January 1, 2009
On New Years, I Think Of Fireworks
(click for full size)
photo and recollection by Zoriah Miller
In the summer of 2007 I was based at a tiny Joint Security Station (JSS) in Baghdad’s Ghazaliya neighborhood. It was infamous at the time for being extremely violent and still plagued with roaming death squads and insurgents, and prone to bombings, rocket attacks and sniper fire.
The JSS was a small cluster of Iraqi homes that had been “requisitioned” by the U.S. Army and was being shared by both U.S. and Iraqi military forces. The homes had an otherworldly feel about them, with their large columns, front lawns and ornate interiors. There was something [[special? calming? bizarre?]] about this small taste of luxury in the middle of a war zone; a palace with windows packed with sand bags, whose roof was home to snipers and .50 caliber machine guns.
It made me wonder what it had been like a few years before — who lived there, what where their lives like and how different those lives were from those of the troops occupying the space beneath its roofs.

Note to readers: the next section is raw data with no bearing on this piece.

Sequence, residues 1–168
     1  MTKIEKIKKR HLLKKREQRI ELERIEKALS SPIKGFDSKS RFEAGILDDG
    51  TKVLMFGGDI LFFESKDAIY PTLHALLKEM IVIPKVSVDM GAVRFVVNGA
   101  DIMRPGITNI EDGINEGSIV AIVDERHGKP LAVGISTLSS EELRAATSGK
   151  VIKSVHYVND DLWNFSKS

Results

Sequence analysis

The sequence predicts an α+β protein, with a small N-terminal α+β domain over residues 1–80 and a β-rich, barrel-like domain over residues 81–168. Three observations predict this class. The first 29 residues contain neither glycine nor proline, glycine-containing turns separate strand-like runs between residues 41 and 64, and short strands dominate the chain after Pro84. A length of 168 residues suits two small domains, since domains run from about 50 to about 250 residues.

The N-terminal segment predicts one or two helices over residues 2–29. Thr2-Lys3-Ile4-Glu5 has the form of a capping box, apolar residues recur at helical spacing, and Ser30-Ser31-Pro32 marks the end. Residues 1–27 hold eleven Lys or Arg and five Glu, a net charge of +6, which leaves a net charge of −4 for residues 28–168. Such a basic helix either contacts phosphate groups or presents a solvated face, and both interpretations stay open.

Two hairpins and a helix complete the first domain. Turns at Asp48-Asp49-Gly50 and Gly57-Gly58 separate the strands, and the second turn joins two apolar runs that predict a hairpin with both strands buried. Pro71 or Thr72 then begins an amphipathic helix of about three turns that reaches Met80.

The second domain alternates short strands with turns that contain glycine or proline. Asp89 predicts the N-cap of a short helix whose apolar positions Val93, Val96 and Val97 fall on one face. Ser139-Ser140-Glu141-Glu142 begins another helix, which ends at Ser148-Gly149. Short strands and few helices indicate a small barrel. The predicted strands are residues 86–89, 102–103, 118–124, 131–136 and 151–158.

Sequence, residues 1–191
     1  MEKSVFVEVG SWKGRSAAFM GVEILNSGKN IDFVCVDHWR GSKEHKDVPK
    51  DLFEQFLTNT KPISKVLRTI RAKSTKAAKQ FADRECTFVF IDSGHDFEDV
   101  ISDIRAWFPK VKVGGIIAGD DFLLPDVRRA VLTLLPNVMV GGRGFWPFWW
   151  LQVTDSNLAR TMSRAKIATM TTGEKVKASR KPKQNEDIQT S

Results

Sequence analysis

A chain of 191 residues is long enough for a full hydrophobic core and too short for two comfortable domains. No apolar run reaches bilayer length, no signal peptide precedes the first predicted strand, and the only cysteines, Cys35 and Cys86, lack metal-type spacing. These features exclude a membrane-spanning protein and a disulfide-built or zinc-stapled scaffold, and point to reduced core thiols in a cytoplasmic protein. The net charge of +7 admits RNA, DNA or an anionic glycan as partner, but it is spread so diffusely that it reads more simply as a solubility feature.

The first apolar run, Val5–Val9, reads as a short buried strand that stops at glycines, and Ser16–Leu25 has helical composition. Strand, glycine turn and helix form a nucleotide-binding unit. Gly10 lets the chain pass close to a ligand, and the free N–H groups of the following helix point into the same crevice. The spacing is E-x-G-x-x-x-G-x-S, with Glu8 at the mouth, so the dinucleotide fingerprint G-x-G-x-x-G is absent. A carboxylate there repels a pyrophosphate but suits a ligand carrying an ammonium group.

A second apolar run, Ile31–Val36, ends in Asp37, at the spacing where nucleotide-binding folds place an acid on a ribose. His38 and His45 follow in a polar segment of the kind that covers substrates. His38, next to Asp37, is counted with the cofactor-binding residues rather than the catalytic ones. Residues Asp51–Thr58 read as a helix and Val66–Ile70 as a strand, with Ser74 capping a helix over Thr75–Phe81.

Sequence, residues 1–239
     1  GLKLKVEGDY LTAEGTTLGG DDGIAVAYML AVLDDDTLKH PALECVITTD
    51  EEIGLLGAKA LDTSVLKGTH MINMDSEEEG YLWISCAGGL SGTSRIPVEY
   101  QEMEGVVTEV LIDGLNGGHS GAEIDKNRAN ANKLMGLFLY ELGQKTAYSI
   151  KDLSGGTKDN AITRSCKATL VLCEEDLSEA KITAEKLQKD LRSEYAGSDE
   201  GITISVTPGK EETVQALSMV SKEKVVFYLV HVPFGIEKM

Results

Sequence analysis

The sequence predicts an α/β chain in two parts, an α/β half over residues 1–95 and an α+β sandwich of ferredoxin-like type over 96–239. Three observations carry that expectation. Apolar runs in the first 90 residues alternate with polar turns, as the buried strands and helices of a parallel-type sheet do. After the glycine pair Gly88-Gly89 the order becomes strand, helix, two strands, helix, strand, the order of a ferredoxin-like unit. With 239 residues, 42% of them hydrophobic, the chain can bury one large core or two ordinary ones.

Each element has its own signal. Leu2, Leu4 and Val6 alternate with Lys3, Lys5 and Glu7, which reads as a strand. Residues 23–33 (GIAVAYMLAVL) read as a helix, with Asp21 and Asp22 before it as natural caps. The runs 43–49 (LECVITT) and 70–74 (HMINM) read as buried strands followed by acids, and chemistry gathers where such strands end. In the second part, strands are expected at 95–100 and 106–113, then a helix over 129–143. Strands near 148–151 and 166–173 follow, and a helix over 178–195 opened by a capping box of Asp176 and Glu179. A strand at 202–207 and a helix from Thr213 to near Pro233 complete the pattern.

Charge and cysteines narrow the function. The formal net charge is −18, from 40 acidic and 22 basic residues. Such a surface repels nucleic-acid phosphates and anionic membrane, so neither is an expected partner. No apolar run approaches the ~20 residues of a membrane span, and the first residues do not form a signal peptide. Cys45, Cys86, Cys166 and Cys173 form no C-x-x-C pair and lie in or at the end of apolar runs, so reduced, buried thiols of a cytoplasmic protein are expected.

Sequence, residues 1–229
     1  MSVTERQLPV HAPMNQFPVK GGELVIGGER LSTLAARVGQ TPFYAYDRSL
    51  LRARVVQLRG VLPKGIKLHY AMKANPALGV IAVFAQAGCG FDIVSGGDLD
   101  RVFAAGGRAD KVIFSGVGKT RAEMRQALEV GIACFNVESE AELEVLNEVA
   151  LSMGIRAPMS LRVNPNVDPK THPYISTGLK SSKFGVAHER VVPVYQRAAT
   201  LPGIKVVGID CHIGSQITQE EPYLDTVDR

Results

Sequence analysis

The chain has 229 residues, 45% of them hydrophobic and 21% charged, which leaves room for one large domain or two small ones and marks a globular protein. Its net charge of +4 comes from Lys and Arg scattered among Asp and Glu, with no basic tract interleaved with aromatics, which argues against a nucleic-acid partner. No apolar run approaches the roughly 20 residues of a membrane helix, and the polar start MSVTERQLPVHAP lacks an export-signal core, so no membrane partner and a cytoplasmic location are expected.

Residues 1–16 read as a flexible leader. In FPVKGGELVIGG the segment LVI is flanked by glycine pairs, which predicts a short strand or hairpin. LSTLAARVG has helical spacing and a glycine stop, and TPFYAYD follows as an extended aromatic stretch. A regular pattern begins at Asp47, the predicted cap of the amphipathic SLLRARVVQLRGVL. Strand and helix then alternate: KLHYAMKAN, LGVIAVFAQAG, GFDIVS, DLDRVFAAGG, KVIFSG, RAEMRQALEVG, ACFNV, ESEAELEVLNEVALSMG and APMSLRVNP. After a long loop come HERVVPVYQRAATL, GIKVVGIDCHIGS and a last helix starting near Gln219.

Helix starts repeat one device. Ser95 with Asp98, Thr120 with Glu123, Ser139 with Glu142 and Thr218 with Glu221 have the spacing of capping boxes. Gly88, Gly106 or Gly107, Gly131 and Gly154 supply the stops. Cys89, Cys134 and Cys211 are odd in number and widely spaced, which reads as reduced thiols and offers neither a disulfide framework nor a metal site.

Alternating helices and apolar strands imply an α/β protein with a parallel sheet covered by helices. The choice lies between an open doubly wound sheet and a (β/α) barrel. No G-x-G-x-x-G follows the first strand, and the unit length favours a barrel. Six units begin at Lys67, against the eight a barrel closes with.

I happened to be living in the home, embedded with U.S. troops on July 4, which is America’s Independence Day. There was a different feeling in the air leading up to this day and everyone seemed almost happy. An armored convoy of tanks and fighting vehicles rolled up in the morning and delivered a barbecue feast, which was closely guarded until the afternoon. When the baby-pool was blown up and filled, and the non-alcoholic beer was being distributed, a soldier and I noticed the writing on boxes of food: “U.S. Beef — Military and Prison Grade ONLY.” We laughed and pointed it out to a few others, whose reactions ranged from amused to infuriated.
This photo was taken that evening, after we had eaten a nice meal and played football (soccer) with the Iraqi soldiers. As we all stood around talking and munching on Fica’s (the Iraqi equivalent of Lay’s Potato Chips) the calmness of the night was shattered by an explosion directly above our heads. We all hit the ground and began to scramble. Then we heard laughter. The soldiers had come up with a few fireworks and when they ran out they dug into their supply of flares and shot them out of the grenade launchers on their M-4 assault rifles. I set my camera up and caught this long exposure.
(Technical: This was shot wide, at 16mm with an 8-second exposure at f/2.8. My ISO rating was 500. No tripod was used, just a portion of a brick fence to prop up the camera and a rock underneath the lens to give it a good angle.)